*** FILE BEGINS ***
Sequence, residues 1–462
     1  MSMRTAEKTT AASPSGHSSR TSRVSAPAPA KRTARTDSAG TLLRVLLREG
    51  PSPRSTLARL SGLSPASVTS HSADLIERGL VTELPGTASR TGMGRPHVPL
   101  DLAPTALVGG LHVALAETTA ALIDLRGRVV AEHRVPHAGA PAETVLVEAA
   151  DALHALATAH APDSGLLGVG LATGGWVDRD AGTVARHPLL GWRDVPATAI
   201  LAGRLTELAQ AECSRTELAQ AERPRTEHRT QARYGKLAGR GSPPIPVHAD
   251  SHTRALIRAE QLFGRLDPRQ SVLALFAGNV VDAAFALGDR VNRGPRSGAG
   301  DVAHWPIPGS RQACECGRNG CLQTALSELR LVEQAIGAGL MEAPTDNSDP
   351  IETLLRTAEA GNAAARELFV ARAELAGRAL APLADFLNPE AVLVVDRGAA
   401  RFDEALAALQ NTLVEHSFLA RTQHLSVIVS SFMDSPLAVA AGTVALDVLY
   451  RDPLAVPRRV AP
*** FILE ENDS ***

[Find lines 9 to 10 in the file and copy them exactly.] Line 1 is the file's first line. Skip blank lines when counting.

   351  IETLLRTAEA GNAAARELFV ARAELAGRAL APLADFLNPE AVLVVDRGAA
   401  RFDEALAALQ NTLVEHSFLA RTQHLSVIVS SFMDSPLAVA AGTVALDVLY